4 Myths About Opioid Use Disorder

The opioid epidemic in the US keeps getting worse every year. In 2017, nearly 50,000 people died of opioid-related overdoses. Despite all the attention this epidemic has brought to addiction, many myths and misconceptions about opioid use disorder still persist. Here are some of the common ones.

“Opioid use disorder is a character flaw.”

For a long time, addiction was thought of as a character flaw or a moral failing. That has largely changed over the past 80 years or so, largely because of AA and other 12-step programs and more recently because of scientific research into the causes of addiction. Now, most people recognize addiction as a disease that needs treatment. However, not everyone sees it that way. A 2018 poll by the Associated Press-NORC Center for Public Affairs Research found that about 44 percent of Americans still see addiction as lack of willpower or a character flaw, and a third of Americans think addiction is a moral failing. We now know that there are many factors that influence one’s risk for addiction. These factors include genes, mental illness, trauma, and environmental factors. Once you become dependent on opioids, your brain changes physically in ways that make it much harder to quit. And if you do want to quit, willpower is typically not enough to sustain a long recovery.

“You can detox from opioids on your own.”

Technically, it is possible to detox from opioids on your own, but it’s never a good idea. At the very least, you should consult with your doctor about tapering off. However, many people need more help, such as medical detox. This allows medical staff to make sure you stay safe and monitor any health conditions that might be exacerbated by the stress of withdrawal. Medical detox also increases your commitment to detoxing. Most people who try to detox on their own give up after a few days because the withdrawal symptoms are too miserable.

“Opioids are effective for treating chronic pain.”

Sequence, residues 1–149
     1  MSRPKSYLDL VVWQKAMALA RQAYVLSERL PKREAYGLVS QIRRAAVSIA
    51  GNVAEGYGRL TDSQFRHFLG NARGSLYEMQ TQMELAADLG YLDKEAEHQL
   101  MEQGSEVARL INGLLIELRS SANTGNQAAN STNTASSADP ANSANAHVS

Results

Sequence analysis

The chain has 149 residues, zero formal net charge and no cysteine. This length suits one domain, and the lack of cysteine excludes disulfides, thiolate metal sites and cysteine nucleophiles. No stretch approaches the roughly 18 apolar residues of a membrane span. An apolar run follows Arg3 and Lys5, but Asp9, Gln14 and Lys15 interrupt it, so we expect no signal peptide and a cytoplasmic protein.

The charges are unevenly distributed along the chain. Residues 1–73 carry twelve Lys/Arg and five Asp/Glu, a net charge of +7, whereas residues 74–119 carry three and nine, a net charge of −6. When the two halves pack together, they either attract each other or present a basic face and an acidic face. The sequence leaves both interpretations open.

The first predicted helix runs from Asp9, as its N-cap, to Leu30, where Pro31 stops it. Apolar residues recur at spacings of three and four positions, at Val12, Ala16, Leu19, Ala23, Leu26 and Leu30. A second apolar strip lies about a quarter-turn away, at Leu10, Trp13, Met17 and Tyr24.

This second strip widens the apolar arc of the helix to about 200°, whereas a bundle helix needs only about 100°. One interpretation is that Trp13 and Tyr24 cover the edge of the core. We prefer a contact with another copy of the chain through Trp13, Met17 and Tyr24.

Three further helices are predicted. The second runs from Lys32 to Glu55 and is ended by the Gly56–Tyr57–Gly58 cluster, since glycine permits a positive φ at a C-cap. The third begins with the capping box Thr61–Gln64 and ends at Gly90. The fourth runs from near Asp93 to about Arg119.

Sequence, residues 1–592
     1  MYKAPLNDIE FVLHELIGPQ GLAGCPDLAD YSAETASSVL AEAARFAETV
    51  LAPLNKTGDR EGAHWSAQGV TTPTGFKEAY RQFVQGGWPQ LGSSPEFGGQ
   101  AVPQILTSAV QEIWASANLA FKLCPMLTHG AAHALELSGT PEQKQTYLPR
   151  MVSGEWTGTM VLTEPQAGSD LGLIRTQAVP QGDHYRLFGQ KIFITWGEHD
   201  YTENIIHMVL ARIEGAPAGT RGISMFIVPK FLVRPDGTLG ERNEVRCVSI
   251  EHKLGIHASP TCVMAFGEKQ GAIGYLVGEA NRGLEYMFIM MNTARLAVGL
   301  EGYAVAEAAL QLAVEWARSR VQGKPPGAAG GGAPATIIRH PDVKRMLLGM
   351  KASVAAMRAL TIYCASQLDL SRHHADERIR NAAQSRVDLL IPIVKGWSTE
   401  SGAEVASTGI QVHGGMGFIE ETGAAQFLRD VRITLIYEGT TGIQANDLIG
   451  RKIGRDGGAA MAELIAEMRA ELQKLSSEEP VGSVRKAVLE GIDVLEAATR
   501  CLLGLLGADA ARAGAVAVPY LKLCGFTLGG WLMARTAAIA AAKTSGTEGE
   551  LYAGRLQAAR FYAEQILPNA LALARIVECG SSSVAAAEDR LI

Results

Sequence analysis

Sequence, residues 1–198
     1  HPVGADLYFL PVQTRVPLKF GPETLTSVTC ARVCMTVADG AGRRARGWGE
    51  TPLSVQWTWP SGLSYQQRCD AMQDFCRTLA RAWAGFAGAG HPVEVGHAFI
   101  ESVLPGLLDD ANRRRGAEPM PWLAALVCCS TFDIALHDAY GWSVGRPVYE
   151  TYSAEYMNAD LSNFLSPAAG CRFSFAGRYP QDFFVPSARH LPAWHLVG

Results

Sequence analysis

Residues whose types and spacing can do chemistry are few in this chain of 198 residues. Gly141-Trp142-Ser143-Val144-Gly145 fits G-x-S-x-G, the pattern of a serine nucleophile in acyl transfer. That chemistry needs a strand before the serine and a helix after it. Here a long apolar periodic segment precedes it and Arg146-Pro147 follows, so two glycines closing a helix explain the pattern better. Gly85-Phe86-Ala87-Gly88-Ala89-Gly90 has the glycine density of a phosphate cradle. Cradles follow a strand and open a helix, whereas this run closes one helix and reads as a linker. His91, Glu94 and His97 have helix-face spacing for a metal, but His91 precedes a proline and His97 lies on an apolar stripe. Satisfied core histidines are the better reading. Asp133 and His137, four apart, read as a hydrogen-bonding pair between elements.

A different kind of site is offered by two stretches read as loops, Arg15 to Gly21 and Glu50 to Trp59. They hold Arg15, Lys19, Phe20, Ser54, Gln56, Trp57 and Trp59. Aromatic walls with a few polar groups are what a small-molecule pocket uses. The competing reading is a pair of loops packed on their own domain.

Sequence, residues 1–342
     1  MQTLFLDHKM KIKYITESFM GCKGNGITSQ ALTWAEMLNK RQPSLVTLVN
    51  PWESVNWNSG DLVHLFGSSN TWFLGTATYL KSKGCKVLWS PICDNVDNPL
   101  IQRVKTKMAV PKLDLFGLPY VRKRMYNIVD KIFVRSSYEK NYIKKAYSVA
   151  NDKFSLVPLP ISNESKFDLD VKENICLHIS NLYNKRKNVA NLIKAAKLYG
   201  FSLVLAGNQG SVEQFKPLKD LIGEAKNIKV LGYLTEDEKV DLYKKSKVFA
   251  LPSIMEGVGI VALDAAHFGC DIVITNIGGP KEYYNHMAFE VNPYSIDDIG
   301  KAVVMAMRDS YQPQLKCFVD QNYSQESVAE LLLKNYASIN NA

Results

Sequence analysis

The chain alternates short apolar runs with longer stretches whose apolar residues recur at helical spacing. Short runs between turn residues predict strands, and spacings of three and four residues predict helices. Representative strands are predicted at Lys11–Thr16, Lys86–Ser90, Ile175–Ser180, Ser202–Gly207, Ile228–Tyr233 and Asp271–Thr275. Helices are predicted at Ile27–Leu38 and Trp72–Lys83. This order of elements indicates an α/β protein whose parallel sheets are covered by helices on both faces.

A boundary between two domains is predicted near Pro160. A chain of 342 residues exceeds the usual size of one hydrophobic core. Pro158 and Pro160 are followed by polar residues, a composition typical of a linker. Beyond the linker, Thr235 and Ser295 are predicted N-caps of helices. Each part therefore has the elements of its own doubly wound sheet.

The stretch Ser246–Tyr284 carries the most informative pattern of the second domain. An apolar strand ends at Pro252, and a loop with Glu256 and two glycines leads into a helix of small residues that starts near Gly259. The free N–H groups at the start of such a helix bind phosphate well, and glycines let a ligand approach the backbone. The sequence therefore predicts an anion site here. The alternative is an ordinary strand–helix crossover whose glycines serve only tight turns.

One barrier people sometimes have to quitting opioids is that they believe opioids are necessary for treating their chronic pain. It may be how they became addicted in the first place. While opioids are great for pain in the short term, they are actually not very good for treating pain indefinitely. For one, you develop a tolerance and have to keep increasing your dosage, sometimes to dangerous levels. Also, there’s a condition called opioid-induced hyperalgesia, which is essentially spontaneous pain caused by opioid use. There are much better long-term treatments for pain and these are often much safer too.

“Taking opioids as directed won’t lead to addiction.”

Many people believe that if you take medication prescribed by a doctor you won’t become addicted, that it’s people who abuse their medications that develop problems. However, much of the impetus behind the opioid crisis can be traced to doctors over-prescribing opioid painkillers in the 1990s and early 2000s. Often, people who would otherwise never use opioids would take them following a medical procedure, surgery, or wisdom tooth extraction, and develop physical dependence and addiction. Doctors are much more careful now about prescribing opioids, but it’s still best to be cautious with potentially addictive medications.

Arbor Behavioral Healthcare offers an integrative and holistic approach to treat substance abuse and a wide variety of addictions, as well as underlying mental health and psychological issues. All of the addiction recovery programs offered by The Arbor are designed to heal the mind, body, and spirit leading to a lifetime of sobriety, health and wellness. If you’re ready to find healing and restoration in a peaceful, loving environment, please call us today at 844-560-7269.